April 15, 2013 | 2:08 pm
Posted by Beit T'shuvah
By Adam Siegel
Last week, my colleague and friend Yeshaia Blakeney wrote about the challenge he frequently faces in trying to explain the nature of the spiritual counseling at Beit T’Shuvah (see How to Define Spirituality). In fact, it’s apparently so challenging, that he didn’t end up offering much of a definition. Similarly, I often times struggle with succinctly describing the spiritual work we do at Beit T’Shuvah (truth be told, I struggle with succinctly describing a lot of things). After an initial reading of his post, I was still longing for a more concrete answer. However, upon further reflection, I realized what he did offer was actually a more accurate way of relating to the topic of spirituality.
In brief, rather than trying to define what spirituality IS, he instead describes what spirituality is ABOUT. Forgoing a boxed-in definition, he instead speaks about the relationship humans can choose to have both with the sacred and the mundane. For me, it’s usually easier to speak about spirituality in terms of what was or what can be, rather than what is. This seems to happen because the act of becoming aware of where I’m at spiritually, in and of itself disconnects me from the present. Even then, finding the language to describe the spiritual realm is often elusive.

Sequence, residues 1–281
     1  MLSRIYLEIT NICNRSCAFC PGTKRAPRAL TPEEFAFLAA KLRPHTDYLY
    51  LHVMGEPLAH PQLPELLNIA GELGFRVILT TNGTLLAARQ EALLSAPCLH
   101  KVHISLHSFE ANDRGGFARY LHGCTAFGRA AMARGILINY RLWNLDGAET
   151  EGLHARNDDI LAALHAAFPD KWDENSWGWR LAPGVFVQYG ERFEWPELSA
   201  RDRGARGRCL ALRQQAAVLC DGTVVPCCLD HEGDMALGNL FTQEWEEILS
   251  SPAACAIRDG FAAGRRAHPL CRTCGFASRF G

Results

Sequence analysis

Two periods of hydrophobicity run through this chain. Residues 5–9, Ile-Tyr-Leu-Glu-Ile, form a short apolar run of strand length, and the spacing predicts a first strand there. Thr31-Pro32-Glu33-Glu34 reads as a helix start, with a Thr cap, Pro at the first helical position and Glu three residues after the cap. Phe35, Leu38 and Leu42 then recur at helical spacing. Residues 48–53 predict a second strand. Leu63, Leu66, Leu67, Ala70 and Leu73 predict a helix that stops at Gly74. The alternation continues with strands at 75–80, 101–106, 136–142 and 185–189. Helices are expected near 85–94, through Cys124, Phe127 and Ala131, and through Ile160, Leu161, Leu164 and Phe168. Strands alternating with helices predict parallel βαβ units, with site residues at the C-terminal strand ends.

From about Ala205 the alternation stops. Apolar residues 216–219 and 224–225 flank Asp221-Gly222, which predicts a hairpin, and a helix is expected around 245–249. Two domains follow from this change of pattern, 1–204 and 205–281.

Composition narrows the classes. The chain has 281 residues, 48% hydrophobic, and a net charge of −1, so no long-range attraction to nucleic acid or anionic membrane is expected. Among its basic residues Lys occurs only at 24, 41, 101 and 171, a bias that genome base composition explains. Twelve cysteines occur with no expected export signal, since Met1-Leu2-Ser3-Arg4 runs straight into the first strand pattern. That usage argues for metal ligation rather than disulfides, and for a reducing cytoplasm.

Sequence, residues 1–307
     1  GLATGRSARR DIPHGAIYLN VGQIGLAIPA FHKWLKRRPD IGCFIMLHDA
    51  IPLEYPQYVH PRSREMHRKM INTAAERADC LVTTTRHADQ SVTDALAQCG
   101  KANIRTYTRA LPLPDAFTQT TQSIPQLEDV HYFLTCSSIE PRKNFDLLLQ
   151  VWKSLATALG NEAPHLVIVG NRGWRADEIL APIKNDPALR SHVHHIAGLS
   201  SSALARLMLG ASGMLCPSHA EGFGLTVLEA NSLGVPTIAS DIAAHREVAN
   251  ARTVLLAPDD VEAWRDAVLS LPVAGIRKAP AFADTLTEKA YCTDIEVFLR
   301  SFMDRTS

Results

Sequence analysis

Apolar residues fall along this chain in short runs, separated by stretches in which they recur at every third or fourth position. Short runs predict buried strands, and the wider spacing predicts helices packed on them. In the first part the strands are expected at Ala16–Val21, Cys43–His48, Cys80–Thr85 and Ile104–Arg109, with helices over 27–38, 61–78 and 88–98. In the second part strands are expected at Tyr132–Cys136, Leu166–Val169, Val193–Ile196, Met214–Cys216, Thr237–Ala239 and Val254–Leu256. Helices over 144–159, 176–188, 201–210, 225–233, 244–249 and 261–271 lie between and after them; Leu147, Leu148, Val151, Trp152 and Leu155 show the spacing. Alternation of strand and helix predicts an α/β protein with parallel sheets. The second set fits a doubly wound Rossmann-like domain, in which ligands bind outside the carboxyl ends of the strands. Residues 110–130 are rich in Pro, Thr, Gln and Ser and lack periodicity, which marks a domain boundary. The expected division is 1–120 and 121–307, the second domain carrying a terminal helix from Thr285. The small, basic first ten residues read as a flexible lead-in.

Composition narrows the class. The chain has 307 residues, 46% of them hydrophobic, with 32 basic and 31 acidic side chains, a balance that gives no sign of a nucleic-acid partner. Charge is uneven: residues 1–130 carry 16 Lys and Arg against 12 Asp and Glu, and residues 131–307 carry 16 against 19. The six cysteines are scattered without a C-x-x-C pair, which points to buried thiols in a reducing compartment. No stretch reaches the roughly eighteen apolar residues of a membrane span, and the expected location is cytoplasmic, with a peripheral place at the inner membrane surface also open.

Over the past year, I’ve been working on a long overdue project (i.e. next blog topic: procrastination) focusing on spiritual development. From the beginning, my stubborn insistence of an accurate definition of spirituality has tripped me up. We, as humans, seem to be both internally and externally driven to name, identify, and/or otherwise control things. However, I’m slowly finding the wisdom in resisting definition of the Indefinable.
I’ve come to see that finding a definition is much like taking a still photograph. A good photo might get you close to capturing the “essence” of the subject/situation, but there are inherent limitations to the full meaning it can provide (especially because a moment after the picture is taken, the world has already changed). So, instead of trying to corner it head on, I’m finding that taking a indirect, descriptive approach to be more effective. What seems most helpful has been to connect to spirituality through reflections about the past, as well as moments of hope and aspiration for the future.
How do you describe your spirituality?
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